BUS308: Statistics for Mangers
Statistical data has become an item that we see all around us in our everyday lives, from television programs talking about selling products or politicians using data to show how they perform in their jobs, in hopes to be reelected. Throughout the course in Statistics for Managers, I have learned many things on how the use of statistical information can help me to understand these items and also to help me to perform my job and understand the day-to-day operation of the company. With the use of statistics, anyone can find out information and details on most anything, allowing them to understand a business better or to make better decisions in their everyday life. Because statistics is all around us, using and understanding this information is important to find answers to questions, to make better decisions, and understand how things work.
Some of the types of information I have learned to use is through the use of descriptive and inferential statistics. According to the textbook for statistics, “descriptive characteristics can provide a great economy when data sets are large. Inferential statistics are utilized when the sample’s characteristics are important for what they reveal about the entire population”. (Tanner & Youssef-Morgan, 2013) Even though there are many different kinds of descriptive statistics, the ones most used are those that explain a central tendency or a variability within the data. These are the ones that allow us to measure and analyze different information using mean, media, and mode information to draw our conclusions. Inferential statistics is all about “the process of drawing conclusions about population characteristics through analysis of the sample data” (Dell, 2013). This takes the population of the data and generalizes it to its characteristics to help reveal the details about the remaining population.
From these statistical test, we are looking to create a hypothesis development and testing for the information we are trying to discover. This testing will help us find out if the predictions of the data will be a significant difference from the question or if it is of non-significance from what we are trying to determine. Performing this test will result in a null or an alternate hypothesis type of answer. The null hypothesis tells us that the comparison between the two populations of information has little or no difference. Whereas the alternate hypothesis demonstrates that there is a significance with the data and this can be used to make a determination of the data. This is stated by O’Keefe as “ rejection of the null hypothesis permits one to conclude the a nonrandom process was involved, whereas a failure to reject the null hypothesis means that one cannot rule out the possibility that the observed data arose by chance” (O'Keefe, 2011) Just like our comparison of salaries between males and females during the class, and we are asking the question if there is a difference between the two, a null hypothesis would tell us that there is little difference and an alternate hypothesis would tell us that there is a difference in how the two genders get paid within the company.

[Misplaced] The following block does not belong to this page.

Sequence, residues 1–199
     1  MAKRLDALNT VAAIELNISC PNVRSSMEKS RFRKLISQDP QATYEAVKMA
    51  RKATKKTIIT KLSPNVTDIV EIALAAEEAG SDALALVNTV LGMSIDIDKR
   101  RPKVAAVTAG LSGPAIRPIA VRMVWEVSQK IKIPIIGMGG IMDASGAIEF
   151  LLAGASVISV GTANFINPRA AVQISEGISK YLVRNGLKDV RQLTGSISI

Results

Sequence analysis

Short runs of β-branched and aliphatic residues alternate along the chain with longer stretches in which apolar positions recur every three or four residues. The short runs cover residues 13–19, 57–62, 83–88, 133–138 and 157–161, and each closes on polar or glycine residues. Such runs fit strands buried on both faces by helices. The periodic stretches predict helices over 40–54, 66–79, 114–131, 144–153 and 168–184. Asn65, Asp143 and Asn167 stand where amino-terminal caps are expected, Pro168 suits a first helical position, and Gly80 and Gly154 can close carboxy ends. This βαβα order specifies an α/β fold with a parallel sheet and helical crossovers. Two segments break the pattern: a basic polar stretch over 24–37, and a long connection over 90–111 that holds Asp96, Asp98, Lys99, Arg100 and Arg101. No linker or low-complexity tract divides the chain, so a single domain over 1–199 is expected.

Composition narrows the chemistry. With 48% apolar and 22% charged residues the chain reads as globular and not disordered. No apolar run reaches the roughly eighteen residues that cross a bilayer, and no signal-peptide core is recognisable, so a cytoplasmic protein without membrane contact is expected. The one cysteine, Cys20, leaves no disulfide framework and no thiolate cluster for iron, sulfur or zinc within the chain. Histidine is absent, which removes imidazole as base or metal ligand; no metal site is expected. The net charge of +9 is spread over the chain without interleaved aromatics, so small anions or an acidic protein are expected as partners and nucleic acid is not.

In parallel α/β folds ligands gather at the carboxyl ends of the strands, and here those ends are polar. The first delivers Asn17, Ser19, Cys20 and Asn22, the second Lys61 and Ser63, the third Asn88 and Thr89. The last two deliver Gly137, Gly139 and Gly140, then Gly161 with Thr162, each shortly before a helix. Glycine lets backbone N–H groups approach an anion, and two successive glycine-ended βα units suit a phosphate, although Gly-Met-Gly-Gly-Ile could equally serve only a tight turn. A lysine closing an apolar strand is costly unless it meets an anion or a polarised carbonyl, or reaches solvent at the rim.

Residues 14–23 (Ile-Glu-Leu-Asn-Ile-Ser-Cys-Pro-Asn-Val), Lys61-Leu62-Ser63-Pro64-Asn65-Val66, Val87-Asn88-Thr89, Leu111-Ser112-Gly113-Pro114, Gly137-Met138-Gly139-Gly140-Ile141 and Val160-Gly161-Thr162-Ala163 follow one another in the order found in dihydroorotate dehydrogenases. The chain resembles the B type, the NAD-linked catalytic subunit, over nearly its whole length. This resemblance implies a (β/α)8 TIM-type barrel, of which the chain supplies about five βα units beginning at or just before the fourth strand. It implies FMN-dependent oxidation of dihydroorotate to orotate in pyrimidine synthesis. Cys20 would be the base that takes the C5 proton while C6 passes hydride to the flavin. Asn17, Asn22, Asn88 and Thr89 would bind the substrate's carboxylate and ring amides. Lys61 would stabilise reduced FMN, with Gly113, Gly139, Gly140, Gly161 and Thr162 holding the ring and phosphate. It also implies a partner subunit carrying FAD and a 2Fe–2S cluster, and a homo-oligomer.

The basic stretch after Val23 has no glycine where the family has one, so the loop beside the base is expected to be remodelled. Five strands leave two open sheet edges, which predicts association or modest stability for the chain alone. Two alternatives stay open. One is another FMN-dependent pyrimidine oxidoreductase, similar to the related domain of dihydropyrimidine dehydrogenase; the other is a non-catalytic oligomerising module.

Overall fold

In gathering the data and performing the calculations there is also the need to make sure the proper testing is being performed. From this course I have learned how to evaluate the information using the different forms of statistical testing. According to the Journal of Pharmaceutical Negative Results, “performing the statistical tests become easy, but selection of appropriate statistical test is still a problem.” (Jaykaran, 2010) Depending on the data and the questions asked, there may be different ways to perform the test to receive an appropriate answer. Also the questions on differences or associations, the specifics of the data, and the groups involved, will have an impact on which type of testing is the correct one...
References: Bedeian, A. G. (2014). ”More Than Meets the Eye".A Guild to Interpreting the Descriptive Statistics and Correlation Matrices Reported in Management Research. Academy Of Management Learning & Education, 13(1), 121-135. doi:10.5465/amle.2013.0001
Dell, G. (2013). Common Statistical Errors and Mistakes: Valuation and Reliability. Appraisal Journal, 81(4), 332. Retrieved November 26, 2014, from http://eds.a.ebscohost.com.proxy-library.ashford.edu/eds/pdfviewer/pdfviewer?vid=2&sid=c23a3a8f-0480-4102-9ba8-2015b2bf9e49%40sessionmgr4002&hid=4105
Jaykaran. (2010). How to select appropriate statistical test? Journal of Pharmaceutical Negative Results, 1(2), 61-63. doi:10.4103/0976-9234.75708
Nelson, M. K. (1995). Strategies of Auditors: Evaluating of Sample Results. Auditing: A Journal of Practice & Theory, 14(1), 39-49. Retrieved November 26, 2014, from http://eds.a.ebscohost.com.proxy-library.ashford.edu/eds/detail/detail?vid=15&sid=9149df10-8f01-49e6-8f49-20fb94095be0%40sessionmgr4005&hid=4210&bdata=JnNpdGU9ZWRzLWxpdmU%3d#db=bsh&AN=9509264791
O 'Keefe, D. J. (2011). The Asymmetry of Predictive and Descriptive Capabilities in Quantitative Communication Research: Implications for Hypothesis Development and Testing. Communication Methods & Measures, 5(2), 113-125. doi:10.1080/19312458.2011.568375
Tanner, D. E., & Youssef-Morgan, C. M. (2013). Statistics for Managers. San Diego, Ca: Bridgeport Education, Inc.
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